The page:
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Megaupload - sympathy or deserved?

megaupload

15 replies to this topic

#1 marko

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    Posted 07 February 2012 - 07:45 AM

    Last month, Megaupload became the most recent establishment to feel the wrath of the media giants and were taken down quite spectacularly, almost overnight and without warning.

    Unfortunately, for those legitimate users, it meant loosing what data they had paid for although it has been reported they will be given access to retrieve what they have. However, like a few other key names in the file sharing business, it's really of no great surprise that these guys have finally been taken down, but it does now beg the question about other similar file sharing services and why are they still active when most of them will be holding copyright material?.

    As most here will know, I'm not a fan of the media giants, never have been and never will be - as far as I'm concerned they're greedier than the one's trying to ride off the back of the success of pirating videos, music or applications and as far as I'm concerned it was the media giants who gave us the tools to start copying material in the first place, like high speed tape recorders, DVD burners, and all manner of other reproductive machinery and mediums that were "intended" for our own private use. These companies have contributed to what is the beast they cannot tame, yet at the same time they won't do anything constructive about it like offer us a yearly subscription at a reasonable price so we can download films or music legitimately - even a subscription of a few quid per month would surely go a long way towards turning a lot of people away from downloading illegally?.

    As for Megaupload, I'm sorry but I really don't have a great deal of sympathy for them, at the end of the day they were profiting quite happily from the distributing of copyrighted materials which as we all know is illegal, they knew it, we knew it and quite obviously the media giants knew it.

    A few months ago, I read an article which explained how rapidshare.com was experiencing a massive decline in it's income because they were removing copyrighted material from their servers and so all the warez and indexing sites began directing their business elsewhere, possibly to megaupload!.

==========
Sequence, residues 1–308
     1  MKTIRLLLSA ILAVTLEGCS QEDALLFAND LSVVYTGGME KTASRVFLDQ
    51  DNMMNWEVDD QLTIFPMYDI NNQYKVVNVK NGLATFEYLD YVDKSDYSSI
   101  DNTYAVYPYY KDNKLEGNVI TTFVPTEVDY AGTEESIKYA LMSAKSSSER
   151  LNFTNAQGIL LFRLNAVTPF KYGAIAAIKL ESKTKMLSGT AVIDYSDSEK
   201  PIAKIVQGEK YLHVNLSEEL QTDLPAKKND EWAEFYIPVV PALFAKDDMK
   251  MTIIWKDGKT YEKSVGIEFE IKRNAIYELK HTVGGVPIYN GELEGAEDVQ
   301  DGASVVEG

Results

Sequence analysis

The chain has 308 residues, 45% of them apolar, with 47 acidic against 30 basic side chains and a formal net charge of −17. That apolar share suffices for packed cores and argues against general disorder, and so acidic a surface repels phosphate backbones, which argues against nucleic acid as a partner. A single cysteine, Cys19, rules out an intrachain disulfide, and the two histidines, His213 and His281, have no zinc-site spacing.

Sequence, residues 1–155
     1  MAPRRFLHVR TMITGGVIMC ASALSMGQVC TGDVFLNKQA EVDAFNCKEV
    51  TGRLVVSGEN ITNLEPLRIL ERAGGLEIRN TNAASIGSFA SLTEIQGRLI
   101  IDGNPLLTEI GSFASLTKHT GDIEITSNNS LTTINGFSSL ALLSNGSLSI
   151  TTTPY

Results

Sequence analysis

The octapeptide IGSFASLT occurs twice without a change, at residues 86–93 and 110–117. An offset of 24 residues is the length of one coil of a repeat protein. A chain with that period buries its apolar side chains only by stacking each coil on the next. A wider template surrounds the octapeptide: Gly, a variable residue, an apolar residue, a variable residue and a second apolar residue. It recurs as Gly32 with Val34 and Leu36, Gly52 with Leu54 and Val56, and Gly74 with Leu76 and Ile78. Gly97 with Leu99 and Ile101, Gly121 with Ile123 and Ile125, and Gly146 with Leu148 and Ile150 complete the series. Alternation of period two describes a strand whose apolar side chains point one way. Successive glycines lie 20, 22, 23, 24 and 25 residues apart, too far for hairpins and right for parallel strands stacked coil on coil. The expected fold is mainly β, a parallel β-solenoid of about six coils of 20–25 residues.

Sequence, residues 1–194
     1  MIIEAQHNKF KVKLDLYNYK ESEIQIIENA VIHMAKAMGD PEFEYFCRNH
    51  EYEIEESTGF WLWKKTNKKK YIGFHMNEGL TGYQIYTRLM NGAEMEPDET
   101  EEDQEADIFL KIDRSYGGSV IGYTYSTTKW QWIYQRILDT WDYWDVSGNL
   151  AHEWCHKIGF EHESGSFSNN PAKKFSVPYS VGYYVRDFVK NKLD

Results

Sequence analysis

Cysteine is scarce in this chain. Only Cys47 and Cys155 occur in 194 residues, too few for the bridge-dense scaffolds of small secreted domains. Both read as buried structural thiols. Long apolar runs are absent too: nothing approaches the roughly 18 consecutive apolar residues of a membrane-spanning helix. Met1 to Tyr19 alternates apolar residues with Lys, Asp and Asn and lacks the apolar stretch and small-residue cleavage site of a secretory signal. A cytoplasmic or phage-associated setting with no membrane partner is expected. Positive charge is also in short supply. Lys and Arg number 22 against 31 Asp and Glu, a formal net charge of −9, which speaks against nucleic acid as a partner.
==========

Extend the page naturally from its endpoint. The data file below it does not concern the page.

BTJunkie, a popular Bit Torrent indexing site, also announced on Monday that it was closing it's doors voluntarily after hearing about the Megaupload move which just goes to show that these moves are having an effect on the whole file sharing communities - people are beginning to feel a little nervous and are closing doors!.

    At the end of the day, I can't really say anything good about either side to be honest, the media giants are so greedy and will do anything they can to keep up the cost of films and music, the warez or torrent sites will continue to try and profit from illegally distributing the materials and the end user will continue to try and have this material for nothing - it all revolved around money (as per usual).

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    #2 James (Jim) Hillier

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      Posted 07 February 2012 - 11:17 AM

      Hey Marko - I've been following this story with much interest, even published a couple of articles re the MegaUpload closure myself. Seems to me there is more behind the MegaUpload raid than just copyright infringements, I guess we won't be aware of the full story/charges until actual court proceedings commence.
      http://www.davescomputertips.com/2012/01/feds-shutdown-megaupload-who-needs-sopa/

      I believe you've hit the nail on the head, and most fair minded people would have to agree. However, there is another element here which is pretty scary. MegaUpload was based in Hong Kong with affiliations in Europe, to the best of my knowledge they had no business affiliations in the USA at all. I think it's frightening indeed when U.S. Federal authorities can traverse international boundaries to enforce laws which are essentially relevant only to their own country.